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ccTLD anger over IANA group “capture”

Kevin Murphy, July 23, 2014, 11:58:39 (UTC), Domain Policy

Operators of dozens of ccTLDs are said to be furious that they don’t have representation on the group coordinating the transition of the IANA functions from US oversight.
The IANA Stewardship Transition Coordination Group (ICG) has been “captured” by members of ICANN’s country-code Names Supporting Organization, which does not represent all ccTLDs, according to ccTLD sources.
While the ccNSO is the official body representing ccTLDs within ICANN, many refuse to participate.
Some registries fear that signing up to ICANN and its rules may one day lead to them losing their delegations, while others have sovereignty or liability concerns.
It is believed that while 151 ccTLDs participate in the ccNSO, 104 do not.
None of these 104 are represented on the new ICG, which met for the first time to draft a charter in London last Thursday and Friday.
The ICG is tasked with holding the pen when the community writes a proposal for replacing the US government in the management of the DNS root zone and other IANA functions.
The ccTLD community was given four seats on the ICG, out of a total of 27. All four seats were taken by ccNSO members, picked by a five-person selection committee that included one non-ccNSO member.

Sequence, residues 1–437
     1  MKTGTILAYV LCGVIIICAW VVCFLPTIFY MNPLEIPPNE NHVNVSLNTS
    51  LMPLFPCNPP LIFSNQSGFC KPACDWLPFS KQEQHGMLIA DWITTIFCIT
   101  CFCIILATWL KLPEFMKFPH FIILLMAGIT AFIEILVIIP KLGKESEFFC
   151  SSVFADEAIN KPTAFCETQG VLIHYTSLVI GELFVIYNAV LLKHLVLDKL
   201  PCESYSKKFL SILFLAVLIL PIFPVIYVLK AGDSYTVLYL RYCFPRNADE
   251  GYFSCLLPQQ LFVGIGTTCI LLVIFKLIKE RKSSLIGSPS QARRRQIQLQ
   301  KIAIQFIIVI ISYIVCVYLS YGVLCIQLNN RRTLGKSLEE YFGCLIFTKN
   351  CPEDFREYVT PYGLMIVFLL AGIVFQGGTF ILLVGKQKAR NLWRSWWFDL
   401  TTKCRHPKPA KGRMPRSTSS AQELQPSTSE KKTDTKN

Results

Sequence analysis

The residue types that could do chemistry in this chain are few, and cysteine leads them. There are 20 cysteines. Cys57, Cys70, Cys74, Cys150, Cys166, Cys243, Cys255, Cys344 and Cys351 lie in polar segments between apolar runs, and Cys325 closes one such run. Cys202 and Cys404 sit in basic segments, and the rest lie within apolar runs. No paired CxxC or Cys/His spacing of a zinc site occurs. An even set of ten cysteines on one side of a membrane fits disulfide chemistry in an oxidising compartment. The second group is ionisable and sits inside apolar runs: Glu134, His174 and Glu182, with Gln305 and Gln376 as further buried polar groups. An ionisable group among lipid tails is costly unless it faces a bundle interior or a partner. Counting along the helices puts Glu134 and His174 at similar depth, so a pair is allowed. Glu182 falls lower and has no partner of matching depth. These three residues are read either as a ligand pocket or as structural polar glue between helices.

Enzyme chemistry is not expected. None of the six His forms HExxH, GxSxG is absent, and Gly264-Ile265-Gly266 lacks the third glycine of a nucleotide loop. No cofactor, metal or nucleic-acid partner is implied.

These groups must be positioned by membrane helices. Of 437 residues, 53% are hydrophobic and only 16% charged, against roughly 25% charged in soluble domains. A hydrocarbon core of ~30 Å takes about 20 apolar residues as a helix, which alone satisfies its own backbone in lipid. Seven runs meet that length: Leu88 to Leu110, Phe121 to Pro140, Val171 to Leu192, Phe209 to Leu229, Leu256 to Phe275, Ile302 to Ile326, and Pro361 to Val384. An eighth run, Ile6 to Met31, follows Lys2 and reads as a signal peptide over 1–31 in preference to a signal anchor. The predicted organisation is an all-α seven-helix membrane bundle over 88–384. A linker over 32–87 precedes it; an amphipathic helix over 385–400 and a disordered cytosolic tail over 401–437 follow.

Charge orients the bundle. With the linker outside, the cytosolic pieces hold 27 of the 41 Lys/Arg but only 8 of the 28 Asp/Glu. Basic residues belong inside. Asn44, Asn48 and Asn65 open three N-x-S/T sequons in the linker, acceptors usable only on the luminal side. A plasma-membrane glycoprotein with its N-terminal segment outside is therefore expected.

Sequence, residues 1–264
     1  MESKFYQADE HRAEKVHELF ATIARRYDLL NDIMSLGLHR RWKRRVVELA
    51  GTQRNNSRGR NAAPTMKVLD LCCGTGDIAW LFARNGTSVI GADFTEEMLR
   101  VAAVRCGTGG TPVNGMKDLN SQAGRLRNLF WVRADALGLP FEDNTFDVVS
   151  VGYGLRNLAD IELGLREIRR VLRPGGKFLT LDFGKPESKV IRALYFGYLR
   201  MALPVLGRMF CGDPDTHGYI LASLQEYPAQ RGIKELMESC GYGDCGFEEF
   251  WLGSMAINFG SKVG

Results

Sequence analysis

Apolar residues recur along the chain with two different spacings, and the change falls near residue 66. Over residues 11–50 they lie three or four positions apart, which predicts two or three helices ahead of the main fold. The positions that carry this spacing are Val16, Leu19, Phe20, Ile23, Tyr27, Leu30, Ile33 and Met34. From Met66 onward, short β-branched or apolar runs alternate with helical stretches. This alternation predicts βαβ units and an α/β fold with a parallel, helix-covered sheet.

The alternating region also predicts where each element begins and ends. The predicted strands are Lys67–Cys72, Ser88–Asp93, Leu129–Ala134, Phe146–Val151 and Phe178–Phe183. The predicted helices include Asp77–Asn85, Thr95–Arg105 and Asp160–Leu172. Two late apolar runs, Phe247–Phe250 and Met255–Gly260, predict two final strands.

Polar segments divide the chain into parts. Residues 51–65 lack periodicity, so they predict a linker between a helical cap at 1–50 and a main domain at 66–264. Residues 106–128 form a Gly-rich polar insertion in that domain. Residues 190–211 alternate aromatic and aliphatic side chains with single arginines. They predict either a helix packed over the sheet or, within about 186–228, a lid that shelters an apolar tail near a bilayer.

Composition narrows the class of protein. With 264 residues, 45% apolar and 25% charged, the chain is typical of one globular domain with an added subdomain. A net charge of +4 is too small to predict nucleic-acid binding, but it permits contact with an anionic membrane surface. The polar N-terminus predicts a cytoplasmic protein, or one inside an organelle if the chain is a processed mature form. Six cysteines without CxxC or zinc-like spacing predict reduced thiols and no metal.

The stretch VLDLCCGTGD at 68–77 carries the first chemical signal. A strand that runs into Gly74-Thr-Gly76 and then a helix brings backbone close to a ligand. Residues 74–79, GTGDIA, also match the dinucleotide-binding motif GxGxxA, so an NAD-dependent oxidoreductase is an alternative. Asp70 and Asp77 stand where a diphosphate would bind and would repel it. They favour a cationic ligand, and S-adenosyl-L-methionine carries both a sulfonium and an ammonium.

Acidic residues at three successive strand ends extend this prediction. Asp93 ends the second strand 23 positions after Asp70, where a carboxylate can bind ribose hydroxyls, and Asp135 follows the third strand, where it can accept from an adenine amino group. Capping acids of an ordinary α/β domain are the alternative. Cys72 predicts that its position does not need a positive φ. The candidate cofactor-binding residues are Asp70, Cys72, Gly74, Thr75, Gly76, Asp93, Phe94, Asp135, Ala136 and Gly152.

I gather that about 20 non-ccNSO ccTLDs are up in arms about this state of affairs, which they believe has seen them “proactively excluded” from the ICG.
Some concerns originate from operators of ccTLDs for dependent territories that may face the risk of being taken over by governments in future.
Because IANA manages the DNS root zone, the transition process may ultimately impact ccTLD redelegations.
But the loudest voice, one of only two speaking on the record so far, is India’s government-established National Internet Exchange of India, which runs .in.
Dr Govind (apparently he doesn’t use his first name), CEO of NIXI, said in a statement last week:

Clearly the process has already been captured by a subset of the ccTLD community. The selection process controlled by the ccNSO resulted in all four seats being assigned to their members. A significant section of the ccTLD Registry operator community do not share the objectives of the ccNSO membership are now excluded from the process.

Balazs Martos, registry manager of Hungary’s .hu, added:

I am very concerned that the ccNSO seem to feel they speak for the whole ccTLD Community when dealing with every IANA matter. They do not, .HU is an IANA service user, but we are not a member of the ccNSO.

The joint statement also raises concerns about “cultural diversity”, which seems like a cheap move played from a position in the deck close to the race card.
The ccTLD representation on the ICG comprises the UK, New Zealand, China and Nigeria.
The chair of the ccNSO, .ca’s Byron Holland, has stated that the way the these four were selected from the 12 candidates (two of whom were non-ccNSO) was a “very difficult task”.
The selection committee had to consider factors such as geography, registry size, candidate expertise and available time, governance structure and business model, Holland said.